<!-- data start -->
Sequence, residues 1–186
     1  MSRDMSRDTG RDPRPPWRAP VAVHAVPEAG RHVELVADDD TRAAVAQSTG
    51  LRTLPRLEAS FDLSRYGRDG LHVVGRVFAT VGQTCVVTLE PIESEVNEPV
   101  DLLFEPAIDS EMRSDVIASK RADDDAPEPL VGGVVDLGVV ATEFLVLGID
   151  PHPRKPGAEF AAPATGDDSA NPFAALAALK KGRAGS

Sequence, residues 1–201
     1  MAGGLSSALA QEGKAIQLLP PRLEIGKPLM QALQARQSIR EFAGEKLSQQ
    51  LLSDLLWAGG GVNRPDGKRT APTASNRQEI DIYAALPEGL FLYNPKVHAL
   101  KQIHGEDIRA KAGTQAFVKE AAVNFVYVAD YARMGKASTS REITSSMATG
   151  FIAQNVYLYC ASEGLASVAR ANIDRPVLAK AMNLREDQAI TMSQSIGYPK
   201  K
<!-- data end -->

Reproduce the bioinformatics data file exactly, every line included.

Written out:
Sequence, residues 1–186
     1  MSRDMSRDTG RDPRPPWRAP VAVHAVPEAG RHVELVADDD TRAAVAQSTG
    51  LRTLPRLEAS FDLSRYGRDG LHVVGRVFAT VGQTCVVTLE PIESEVNEPV
   101  DLLFEPAIDS EMRSDVIASK RADDDAPEPL VGGVVDLGVV ATEFLVLGID
   151  PHPRKPGAEF AAPATGDDSA NPFAALAALK KGRAGS

Sequence, residues 1–201
     1  MAGGLSSALA QEGKAIQLLP PRLEIGKPLM QALQARQSIR EFAGEKLSQQ
    51  LLSDLLWAGG GVNRPDGKRT APTASNRQEI DIYAALPEGL FLYNPKVHAL
   101  KQIHGEDIRA KAGTQAFVKE AAVNFVYVAD YARMGKASTS REITSSMATG
   151  FIAQNVYLYC ASEGLASVAR ANIDRPVLAK AMNLREDQAI TMSQSIGYPK
   201  K